As stated in part 1 of the third quarter investment review I will now discuss the offer from Fairfax Financial Holdings (Fairfax) to take-over Blackberry (NASDAQ:BBRY). Most people are familiar with Blackberry, Blackberry has been credited for introducing smartphones to the world. Unfortunately has the company lost their edge since the introduction of the iPhone and the Android platform. Their market share has become negligible and even the Windows Phone platform has surpassed them.
Nevertheless has Fairfax made an offer for Blackberry as seen in the tweet below:
Some details from the press release are that:
- Blackberry will be subject of due diligence which is expected to be complete by November 4, 2013.
- Blackberry is free to negotiate and agree to another offer for the company, but has to pay Fairfax $0.30 or $0.50 per share in case such an offer is made and executed.
- Fairfax can withdraw or lower their offer for Blackberry without any consequences.
To be honest, I am not really comfortable with investing in technology. Yesterday’s hero’s like Blackberry but also Nokia, Palm and Motorola are a shim of what they once were. If at their peak, you thought they still will be the giants of the mobile phone world in 10 years time, you were quite wrong. Maybe it will be different for Apple and Samsung but I am not sure about that. For me, technology and especially the mobile phone sector is outside my circle of competence.
But that doesn’t mean others have a wider circle of competence where technology is within that circle. Maybe the investment committee within Fairfax is still completely sure they will make a lot of money with their investment in Blackberry. It is possible, but their actions result in the fact that the investors in Fairfax (including me) also invest in Blackberry. Now, is that a problem for me?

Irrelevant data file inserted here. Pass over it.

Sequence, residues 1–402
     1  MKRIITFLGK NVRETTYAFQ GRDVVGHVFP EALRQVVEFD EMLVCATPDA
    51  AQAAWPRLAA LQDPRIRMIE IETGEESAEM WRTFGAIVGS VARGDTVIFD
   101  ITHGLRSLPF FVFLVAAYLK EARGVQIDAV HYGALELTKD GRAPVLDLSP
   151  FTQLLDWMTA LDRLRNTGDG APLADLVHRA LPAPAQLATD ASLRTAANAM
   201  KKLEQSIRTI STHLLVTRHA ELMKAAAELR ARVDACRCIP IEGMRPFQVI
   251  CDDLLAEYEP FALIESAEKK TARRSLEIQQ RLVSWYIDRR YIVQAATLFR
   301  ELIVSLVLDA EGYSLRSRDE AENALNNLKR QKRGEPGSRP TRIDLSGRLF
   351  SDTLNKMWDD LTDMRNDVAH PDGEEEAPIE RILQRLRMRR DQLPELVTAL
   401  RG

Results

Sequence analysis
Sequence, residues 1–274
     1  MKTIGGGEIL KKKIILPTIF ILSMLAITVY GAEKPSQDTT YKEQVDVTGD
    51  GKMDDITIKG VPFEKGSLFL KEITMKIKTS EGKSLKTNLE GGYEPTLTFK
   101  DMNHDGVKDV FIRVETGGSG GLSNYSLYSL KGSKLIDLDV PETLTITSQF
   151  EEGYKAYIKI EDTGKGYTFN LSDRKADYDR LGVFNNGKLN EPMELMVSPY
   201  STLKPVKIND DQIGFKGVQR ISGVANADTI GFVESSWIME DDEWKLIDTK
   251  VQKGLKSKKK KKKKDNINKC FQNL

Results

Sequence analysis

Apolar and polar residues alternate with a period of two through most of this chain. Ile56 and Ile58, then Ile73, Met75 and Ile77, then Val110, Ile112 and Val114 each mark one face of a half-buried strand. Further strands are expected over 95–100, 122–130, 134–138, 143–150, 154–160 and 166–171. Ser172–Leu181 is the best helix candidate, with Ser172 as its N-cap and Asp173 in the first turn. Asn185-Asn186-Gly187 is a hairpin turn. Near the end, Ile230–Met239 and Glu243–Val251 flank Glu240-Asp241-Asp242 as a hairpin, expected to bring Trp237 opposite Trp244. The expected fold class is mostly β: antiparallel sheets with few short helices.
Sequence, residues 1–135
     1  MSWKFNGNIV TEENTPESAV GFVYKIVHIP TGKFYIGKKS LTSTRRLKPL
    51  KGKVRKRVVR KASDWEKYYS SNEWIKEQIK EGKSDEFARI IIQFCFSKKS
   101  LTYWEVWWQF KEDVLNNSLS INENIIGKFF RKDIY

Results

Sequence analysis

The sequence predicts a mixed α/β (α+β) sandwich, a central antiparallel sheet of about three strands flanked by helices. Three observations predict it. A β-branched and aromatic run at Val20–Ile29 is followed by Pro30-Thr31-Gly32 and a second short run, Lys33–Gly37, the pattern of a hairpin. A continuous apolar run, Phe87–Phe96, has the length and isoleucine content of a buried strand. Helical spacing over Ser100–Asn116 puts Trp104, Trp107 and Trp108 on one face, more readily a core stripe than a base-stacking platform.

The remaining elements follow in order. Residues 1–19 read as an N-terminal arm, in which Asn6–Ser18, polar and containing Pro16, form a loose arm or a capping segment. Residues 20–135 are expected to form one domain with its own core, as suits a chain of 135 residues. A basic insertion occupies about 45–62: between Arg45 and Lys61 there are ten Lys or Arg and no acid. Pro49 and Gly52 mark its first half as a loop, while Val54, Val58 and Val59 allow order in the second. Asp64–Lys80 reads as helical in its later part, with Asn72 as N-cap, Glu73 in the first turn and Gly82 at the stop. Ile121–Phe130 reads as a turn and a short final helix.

I have several investments where the key figures made investments in sectors where my knowledge is negligible. Examples are the investments of Leucadia in Jefferies (investment banking) and Berkshire Hathaway in Burlington Northern Santa Fe (trains), Bank of America (banks) and IBM (technology). The key here is that I invested in people or companies that have a record of making money for their shareholders and also have the right incentive to make money for their shareholders in the future. In my opinion is this the case for Leucadia, Berkshire and Fairfax. So, even though I can’t predict the future of Blackberry, I trust Prem Watsa and his team at Fairfax to do the right thing with my money.
Apart from the fact that Fairfax can withdraw or lower their bid without any consequences are there other comforting conditions:
- Fairfax has no plans to put in another penny beyond the company’s stake in Blackberry
- The stake of Blackberry is worth approximately 5% of Fairfax equity. They didn’t bet the house on this one.
The results of one quarter aren’t really a big deal in the long run. In the short run, though, you can see a lot of fluctuations and the third quarter are a great example in that respect. Although my YTD performance decreased from 16.72% to 13.68%, the relative performance was much worse. My outperformance (+3.39%) of the S&P 500 changed into an underperformance (-4.3%) and my outperformance of the AEX decreased from 16.17% to 4.31%. This is not only the result of an underperformance of my portfolio though. The EUR/USD played its part with an appreciation of the Euro by approximately 4%.
Below the portfolio as of 30 September 2013 and the performance of the portfolio until 30 September 2013. To see the tables from last quarter, click here.
Click on table for larger view
The Portfolio (1) is denominated in Euros. Transaction costs, custody fees (bewaarloon) and dividends are when necessary included in the Annual Percentage Change. (Dividend tax is included in full years (2010 to 2012)).
The AEX (2) is a stock market index composed of Dutch companies that trade on Euronext Amsterdam. The Annual Percentage Change is calculated without taking the dividends of the current year in account.
The S&P 500 (3) is a stock market index based on the market capitalizations of 500 large companies whose common stock is publicly traded on the NYSE. The Annual Percentage Change is calculated without taking the dividends of the current year in account.
In calculating the Compounded Annual Gain is the current year considered as completed.
Since 14 May 2012 the currency risk isn’t hedged anymore. This means that currency fluctuations can significantly influence the performance in the short term. To show how the currency fluctuated during a certain period, an extra column is added with the fluctuations since 14 May 2012. A decline indicates that the US dollar has become stronger against the Euro and vice versa.